It’s rainy season here at ADL Towers with our much desired spring repeatedly postponed by cold snaps that have followed us almost into April. Still, things are improving and getting warmer and we even saw the sun for five minutes the other day. Most of all though we remember what summer was like last year when here in the UK we experienced our hottest ever day on record. With the previous record coming only three years previously in 2019 prudent gardeners are already taking steps to prepare their gardens for a potential repeat.
The most obvious first step of course is to collect and store water. With so much of it freely falling from the sky now is the time to refill empty water butts or install some if you have yet to do so. Hosepipe bans are a frequent fixture of high summer nowadays and should further water restrictions come in force having a private reserve will be essential in keeping your plants from getting thirsty.
Growing the Right Plants for Drought.
With growing seasons now underway it’s important to pick the right plants for drought proof gardens. Choosing varieties that are more resistant to drought and can cope in higher heat is an essential part of this. The other important factor is to choose plants that will grow well in the kind of soil you have available within your garden.
Looking after the soil in particular and making preparation is key. Plants use less water when their other nutritional needs are met. Cultivating your soil by tilling it with mulch and other organic material will help to ensure that there is plenty for your plants to absorb as they grow into their new home.
This is also the reason why if you are looking to add larger plants to your garden it is important to do so earlier before summer arrives. Plants need time to establish strong root growth. For plants from warmer climates like the Mediterranean spring is the best time for this. Attempting to plant them in autumn will put them at risk of problems like root rot in northern climes.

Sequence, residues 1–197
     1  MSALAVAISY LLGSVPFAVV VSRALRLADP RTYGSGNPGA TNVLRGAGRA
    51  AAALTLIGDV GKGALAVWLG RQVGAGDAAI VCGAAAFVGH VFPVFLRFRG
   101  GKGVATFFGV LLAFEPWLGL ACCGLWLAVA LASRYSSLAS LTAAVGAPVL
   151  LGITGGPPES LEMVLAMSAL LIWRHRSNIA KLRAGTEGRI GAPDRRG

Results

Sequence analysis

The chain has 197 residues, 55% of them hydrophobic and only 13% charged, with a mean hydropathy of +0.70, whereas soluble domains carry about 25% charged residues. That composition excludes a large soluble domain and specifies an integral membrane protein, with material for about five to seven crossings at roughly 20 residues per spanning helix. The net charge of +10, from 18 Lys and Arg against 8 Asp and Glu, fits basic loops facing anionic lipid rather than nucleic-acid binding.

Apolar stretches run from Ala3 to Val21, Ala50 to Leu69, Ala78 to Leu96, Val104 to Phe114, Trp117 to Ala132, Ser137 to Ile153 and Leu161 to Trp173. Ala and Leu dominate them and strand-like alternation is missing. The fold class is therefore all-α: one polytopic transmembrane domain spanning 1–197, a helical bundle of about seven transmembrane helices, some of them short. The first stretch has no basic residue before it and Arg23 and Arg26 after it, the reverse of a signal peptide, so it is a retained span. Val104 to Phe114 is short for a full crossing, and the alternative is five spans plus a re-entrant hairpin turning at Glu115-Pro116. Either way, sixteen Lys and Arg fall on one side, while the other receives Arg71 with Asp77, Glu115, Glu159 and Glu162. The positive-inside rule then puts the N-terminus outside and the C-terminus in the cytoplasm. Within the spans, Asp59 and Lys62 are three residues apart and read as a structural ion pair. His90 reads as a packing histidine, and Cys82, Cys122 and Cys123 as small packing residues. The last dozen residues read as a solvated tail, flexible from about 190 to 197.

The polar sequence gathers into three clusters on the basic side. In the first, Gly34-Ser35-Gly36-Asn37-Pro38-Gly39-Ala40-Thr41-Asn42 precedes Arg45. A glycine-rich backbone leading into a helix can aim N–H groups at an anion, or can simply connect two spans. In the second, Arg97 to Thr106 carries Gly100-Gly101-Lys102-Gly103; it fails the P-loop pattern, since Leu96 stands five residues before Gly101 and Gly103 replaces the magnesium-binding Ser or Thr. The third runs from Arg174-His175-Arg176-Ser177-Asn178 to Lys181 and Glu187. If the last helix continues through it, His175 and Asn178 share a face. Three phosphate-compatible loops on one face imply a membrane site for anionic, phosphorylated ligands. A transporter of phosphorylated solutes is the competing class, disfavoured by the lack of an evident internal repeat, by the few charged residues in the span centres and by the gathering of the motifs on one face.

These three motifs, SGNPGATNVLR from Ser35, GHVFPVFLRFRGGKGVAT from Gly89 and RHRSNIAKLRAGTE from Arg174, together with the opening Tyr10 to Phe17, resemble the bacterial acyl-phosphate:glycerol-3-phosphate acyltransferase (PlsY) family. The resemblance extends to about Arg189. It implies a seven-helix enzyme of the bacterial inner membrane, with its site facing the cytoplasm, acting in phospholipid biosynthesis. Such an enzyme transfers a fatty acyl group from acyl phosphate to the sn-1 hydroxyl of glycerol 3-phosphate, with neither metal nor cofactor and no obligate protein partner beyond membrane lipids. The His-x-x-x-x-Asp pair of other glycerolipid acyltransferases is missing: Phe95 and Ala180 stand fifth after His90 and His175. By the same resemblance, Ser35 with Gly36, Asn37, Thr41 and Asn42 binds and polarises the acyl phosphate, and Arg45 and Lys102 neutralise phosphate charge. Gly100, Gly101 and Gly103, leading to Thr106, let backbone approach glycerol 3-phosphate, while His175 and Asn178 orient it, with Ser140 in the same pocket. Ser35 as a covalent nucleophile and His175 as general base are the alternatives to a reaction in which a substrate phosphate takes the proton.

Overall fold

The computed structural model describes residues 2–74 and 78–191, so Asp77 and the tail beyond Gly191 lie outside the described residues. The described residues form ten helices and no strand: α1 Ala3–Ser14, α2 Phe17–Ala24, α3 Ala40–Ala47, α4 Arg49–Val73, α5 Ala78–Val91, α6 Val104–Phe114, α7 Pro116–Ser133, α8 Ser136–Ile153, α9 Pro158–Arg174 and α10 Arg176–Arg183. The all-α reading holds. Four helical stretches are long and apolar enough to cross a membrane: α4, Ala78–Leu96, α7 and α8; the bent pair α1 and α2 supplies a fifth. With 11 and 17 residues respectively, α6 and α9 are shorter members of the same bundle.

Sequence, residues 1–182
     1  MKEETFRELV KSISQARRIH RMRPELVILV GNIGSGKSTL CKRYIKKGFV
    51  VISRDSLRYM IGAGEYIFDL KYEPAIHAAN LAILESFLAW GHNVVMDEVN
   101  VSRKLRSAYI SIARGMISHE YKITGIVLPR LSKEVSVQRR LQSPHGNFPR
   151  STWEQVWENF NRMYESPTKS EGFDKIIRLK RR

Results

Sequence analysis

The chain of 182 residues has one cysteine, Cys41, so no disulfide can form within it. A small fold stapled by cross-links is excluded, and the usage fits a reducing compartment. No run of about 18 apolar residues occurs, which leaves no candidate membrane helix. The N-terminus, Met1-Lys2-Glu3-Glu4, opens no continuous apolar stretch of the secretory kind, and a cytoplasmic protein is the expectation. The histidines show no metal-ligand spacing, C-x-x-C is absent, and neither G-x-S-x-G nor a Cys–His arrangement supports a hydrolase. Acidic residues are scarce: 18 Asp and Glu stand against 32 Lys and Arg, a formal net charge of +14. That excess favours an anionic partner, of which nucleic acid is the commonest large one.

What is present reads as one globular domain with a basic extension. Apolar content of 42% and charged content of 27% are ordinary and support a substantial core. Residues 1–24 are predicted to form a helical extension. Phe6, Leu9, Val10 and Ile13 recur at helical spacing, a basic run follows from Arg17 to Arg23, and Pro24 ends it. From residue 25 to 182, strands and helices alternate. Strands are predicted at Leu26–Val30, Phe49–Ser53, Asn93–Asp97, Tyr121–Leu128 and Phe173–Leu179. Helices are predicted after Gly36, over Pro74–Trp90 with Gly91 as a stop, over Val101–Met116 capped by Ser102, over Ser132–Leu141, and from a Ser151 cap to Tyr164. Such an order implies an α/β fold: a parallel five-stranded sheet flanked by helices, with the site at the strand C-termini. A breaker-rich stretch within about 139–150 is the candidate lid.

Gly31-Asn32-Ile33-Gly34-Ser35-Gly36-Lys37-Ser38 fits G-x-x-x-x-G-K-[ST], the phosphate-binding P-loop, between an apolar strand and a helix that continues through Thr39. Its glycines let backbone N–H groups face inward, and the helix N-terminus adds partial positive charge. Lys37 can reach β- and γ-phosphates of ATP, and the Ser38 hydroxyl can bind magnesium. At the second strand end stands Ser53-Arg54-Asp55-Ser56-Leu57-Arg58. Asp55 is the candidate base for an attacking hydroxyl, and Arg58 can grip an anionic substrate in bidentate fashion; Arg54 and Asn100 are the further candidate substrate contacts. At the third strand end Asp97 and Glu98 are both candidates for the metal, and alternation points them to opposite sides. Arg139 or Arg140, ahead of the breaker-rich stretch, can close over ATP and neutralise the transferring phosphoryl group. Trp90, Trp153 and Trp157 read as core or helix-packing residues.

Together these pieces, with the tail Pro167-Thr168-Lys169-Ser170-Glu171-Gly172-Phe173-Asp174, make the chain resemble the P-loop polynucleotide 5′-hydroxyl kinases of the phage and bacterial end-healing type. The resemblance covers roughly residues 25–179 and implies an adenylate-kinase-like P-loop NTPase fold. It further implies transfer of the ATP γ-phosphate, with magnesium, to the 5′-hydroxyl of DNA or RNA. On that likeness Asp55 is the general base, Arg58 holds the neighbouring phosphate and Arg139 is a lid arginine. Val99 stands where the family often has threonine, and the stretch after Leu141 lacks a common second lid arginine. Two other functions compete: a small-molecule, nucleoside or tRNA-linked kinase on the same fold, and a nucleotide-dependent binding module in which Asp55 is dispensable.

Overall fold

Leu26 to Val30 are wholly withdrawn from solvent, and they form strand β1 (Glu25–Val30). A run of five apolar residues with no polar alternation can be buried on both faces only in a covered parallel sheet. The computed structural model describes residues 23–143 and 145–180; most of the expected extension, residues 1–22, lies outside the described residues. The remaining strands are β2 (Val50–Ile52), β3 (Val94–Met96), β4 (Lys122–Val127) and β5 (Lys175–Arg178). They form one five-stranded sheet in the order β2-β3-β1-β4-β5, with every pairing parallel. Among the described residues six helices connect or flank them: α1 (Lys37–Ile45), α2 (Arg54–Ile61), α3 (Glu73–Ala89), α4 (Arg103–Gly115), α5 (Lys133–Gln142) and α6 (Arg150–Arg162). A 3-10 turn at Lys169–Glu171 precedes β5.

Embracing a Better Mindset
As gardeners we may very well liken ourselves to artists and sculptors but unlike such artisans we must always be conscious of the fact that our medium is alive. This means we must learn to work with it rather than try to force the plants in our care into being what we wish them to be.
First amongst this mindset for example is how we think of lawns. The typical urban ideal of freshly cut green shoots is an expensive and wasteful indulgence. On hot days, most of the water we might try to give the lawn will be wasted and evaporated. So long as an appropriate seed mix of grass is use, lawns cab be surprisingly resistant to heat.
The trick again is to go against the tidy instincts taught to us by decades of idyllic suburban lawn guides and resisting the urge to mow so frequently. Taller grass means longer roots which helps to both keep the soil together and the grass blades to recover when water is available. A brown lawn does not mean a dead lawn and in most cases, so long as the lawn has been allowed to establish itself it will recover quickly when rain returns.
There’s a lot more to be done and thought about when it comes to drought proof gardens in an era of warm uncertainty. Why not consider a course in permaculture to build a sustainable garden in tune with nature or perhaps an RHS course? Knowing what to do for your garden is the first step to ensuring it can face whatever summer might bring.